By CIPE Writer |
Consumer protection serves as an avenue for promoting transparency, accountability, and trust in the digital age, helping shield both consumers and small businesses from unfair practices online. According to a report by the International Finance Corporation and Google, “Africa’s internet economy has the potential to reach $180 billion by 2025, accounting for 5.2% of the [Continent’s] gross domestic product (GDP). By 2050, the projected potential contribution could reach $712 billion, 8.5% of the [Continent’s] GDP.” As electronic commerce (eCommerce) grows, consumer protection should be seen as an enabler of the digital economy.
Although the United Nations Guidelines for Consumer Protection offer guidance on the main characteristics of effective consumer protection legislation, “consumer protection is often one of the last areas that developing economies focus on regulating as they create frameworks around eCommerce.”
A LONG WAY TO GO
In Africa, very few countries are adequately addressing consumer protection concerns. Of the 54 African countries, only 25 have laws that pertain to online consumer rights and electronic transactions, while only four have draft laws. In other instances, issues pertaining to consumer protection are interspersed between laws.
For example, Uganda enacted laws on electronic transactions, electronic signatures, and computer misuse in 2011, yet gaps still remain in adequately securing online consumer rights. As more African countries develop new legislation and frameworks that seek to govern the digital economy, now is the opportune time for diverse stakeholder groups to engage in policy conversations and ensure that consumer protection is a priority.
IN AFRICA, VERY FEW COUNTRIES ARE ADEQUATELY ADDRESSING CONSUMER PROTECTION CONCERNS.
In addition to identifying opportunities at a local or national level, governments across Africa should work with one another and various stakeholder groups to address Continent-wide consumer protection concerns. The Center for International Private Enterprise (CIPE) and the Collaboration on International ICT Policy for East and Southern Africa (CIPESA) identified the adoption of the Africa Continental Free Trade Agreement (AfCFTA) as an important development that presented an opportune time to advance dialogue and consensus on how to shape and govern the digital economy on the Continent to promote greater regional cohesion, development, and competitiveness.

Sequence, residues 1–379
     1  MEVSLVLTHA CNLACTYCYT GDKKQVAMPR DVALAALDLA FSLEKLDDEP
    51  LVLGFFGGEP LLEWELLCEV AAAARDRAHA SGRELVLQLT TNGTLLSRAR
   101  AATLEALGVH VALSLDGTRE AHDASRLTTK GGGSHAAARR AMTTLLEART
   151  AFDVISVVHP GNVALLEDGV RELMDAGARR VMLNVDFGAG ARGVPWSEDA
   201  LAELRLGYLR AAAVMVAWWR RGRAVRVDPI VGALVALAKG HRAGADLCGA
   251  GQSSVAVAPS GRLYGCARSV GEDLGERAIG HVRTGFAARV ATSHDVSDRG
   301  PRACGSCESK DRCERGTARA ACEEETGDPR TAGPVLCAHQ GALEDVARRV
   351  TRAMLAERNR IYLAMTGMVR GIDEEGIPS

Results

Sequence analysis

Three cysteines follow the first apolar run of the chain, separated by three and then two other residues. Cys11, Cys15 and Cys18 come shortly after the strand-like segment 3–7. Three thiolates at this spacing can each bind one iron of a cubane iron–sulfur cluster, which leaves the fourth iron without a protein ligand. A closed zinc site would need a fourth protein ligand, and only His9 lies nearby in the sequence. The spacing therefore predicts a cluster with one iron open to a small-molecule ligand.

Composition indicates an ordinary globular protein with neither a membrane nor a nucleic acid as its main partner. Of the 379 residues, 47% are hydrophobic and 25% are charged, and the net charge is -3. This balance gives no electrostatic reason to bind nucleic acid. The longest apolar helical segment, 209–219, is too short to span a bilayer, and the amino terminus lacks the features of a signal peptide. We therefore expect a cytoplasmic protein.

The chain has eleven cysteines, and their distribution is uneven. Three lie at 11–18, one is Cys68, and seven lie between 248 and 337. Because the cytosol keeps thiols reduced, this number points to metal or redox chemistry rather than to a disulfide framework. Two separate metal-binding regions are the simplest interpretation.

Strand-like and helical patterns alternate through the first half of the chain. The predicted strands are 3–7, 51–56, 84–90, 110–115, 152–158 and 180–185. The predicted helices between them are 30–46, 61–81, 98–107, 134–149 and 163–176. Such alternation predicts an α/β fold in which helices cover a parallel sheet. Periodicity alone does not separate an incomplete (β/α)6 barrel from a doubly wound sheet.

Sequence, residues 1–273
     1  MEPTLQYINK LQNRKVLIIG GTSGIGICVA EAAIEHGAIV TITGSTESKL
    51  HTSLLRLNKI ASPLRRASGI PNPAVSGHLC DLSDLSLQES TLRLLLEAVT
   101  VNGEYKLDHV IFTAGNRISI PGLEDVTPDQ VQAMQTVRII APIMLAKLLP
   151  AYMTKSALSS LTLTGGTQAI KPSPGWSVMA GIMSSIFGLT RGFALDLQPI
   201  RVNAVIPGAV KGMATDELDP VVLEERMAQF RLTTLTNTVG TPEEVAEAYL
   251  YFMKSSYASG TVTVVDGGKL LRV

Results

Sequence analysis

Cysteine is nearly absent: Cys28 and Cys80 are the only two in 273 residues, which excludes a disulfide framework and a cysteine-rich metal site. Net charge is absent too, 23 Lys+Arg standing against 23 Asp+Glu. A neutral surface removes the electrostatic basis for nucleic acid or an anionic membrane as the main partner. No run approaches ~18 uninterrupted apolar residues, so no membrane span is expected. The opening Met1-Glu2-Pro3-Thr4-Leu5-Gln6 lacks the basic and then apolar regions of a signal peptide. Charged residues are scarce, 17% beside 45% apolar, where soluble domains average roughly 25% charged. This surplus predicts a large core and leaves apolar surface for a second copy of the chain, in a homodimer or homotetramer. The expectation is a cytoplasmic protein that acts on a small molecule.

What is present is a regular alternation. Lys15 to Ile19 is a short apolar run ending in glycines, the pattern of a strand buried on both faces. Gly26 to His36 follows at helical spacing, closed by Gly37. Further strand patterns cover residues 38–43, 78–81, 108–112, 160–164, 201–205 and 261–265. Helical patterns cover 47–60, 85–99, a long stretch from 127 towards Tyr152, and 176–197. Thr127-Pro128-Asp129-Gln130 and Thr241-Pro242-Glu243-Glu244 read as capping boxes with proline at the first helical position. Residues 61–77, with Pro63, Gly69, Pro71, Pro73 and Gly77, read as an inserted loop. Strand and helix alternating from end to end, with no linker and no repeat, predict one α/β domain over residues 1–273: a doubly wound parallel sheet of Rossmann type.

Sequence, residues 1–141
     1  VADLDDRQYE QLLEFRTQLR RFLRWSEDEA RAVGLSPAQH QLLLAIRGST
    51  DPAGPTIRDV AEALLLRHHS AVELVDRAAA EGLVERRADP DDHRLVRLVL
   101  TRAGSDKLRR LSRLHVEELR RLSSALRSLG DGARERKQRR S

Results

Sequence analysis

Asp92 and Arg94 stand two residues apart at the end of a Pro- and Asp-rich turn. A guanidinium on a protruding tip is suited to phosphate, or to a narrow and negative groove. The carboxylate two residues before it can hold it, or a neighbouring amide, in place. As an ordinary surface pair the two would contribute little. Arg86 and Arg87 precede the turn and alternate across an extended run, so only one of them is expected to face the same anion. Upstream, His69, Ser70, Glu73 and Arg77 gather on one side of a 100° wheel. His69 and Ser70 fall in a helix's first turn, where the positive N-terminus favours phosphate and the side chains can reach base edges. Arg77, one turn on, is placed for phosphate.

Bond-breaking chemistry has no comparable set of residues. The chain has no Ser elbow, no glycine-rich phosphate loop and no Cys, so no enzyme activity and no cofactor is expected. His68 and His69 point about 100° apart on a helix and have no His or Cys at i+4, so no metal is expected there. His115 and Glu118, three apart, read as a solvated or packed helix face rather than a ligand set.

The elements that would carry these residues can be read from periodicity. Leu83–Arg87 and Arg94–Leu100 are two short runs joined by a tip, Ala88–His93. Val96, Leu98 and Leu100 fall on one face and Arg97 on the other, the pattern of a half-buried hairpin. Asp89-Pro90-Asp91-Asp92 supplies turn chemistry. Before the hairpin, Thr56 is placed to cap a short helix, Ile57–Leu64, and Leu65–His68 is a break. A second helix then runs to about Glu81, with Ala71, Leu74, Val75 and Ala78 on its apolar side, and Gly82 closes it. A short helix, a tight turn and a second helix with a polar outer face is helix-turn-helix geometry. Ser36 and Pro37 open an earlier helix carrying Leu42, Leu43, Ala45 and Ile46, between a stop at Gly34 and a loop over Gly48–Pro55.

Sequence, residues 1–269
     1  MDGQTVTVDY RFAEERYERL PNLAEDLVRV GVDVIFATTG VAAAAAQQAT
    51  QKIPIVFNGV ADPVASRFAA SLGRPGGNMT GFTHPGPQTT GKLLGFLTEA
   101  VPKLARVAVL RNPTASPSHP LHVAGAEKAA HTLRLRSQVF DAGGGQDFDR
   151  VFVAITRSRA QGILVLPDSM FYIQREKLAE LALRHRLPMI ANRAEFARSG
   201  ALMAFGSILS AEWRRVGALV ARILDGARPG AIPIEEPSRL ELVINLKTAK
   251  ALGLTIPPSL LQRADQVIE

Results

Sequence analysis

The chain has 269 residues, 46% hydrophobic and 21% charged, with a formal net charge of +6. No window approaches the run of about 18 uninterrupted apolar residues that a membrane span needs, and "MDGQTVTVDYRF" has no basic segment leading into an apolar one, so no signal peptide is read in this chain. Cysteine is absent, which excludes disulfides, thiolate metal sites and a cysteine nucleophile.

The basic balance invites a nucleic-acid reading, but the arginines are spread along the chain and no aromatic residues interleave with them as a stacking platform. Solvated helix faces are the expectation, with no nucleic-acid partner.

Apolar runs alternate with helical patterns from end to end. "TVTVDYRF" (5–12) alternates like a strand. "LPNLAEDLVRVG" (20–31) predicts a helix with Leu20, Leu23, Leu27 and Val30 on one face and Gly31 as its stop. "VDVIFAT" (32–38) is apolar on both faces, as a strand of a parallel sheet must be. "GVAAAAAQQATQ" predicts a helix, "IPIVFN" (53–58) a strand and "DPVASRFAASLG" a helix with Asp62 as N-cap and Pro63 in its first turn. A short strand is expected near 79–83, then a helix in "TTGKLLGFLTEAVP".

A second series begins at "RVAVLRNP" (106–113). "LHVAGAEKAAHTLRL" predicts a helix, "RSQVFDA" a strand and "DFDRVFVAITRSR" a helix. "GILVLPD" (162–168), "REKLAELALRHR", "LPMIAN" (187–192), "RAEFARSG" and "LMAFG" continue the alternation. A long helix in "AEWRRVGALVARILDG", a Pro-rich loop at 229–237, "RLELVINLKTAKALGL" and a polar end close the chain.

WORKING TOGETHER TO PROTECT THE DIGITAL ECONOMY
To identify regional opportunities that can positively shape Africa’s digital transformation, CIPE and CIPESA brought together over 35 stakeholders representing the local private sector, civil society, media organizations, and government at the 2019 edition of the Forum on Internet Freedom in Africa (FIFAfrica) in Addis Ababa, Ethiopia. This regional policy dialogue formed the basis of the Roadmap to Reform: Building an Enabling Environment for Inclusive Digital Transformation in Africa.
The Roadmap advocates for the advancement of strong consumer protection legislation across Africa to “help enhance trust in eCommerce across business-to-consumer (B2C) transactions and business-to-business (B2B) transactions that can arise in disputes around digital payments.” Since the multi-stakeholder conversations surrounding the adoption of the AfCFTA in 2019, key recommendations highlighted in the Roadmap to Reform remain timely, as African Union member states begin to implement the agreement after it came into force on January 1 of this year.
There is a unique opportunity for local business communities, civil society, media organizations, and governments to work together and ensure the agreement is implemented in a way that supports an inclusive enabling environment for the digital economy. To read more about the Roadmap to Reform, please visit: https://cipesa.org/?wpfb_dl=426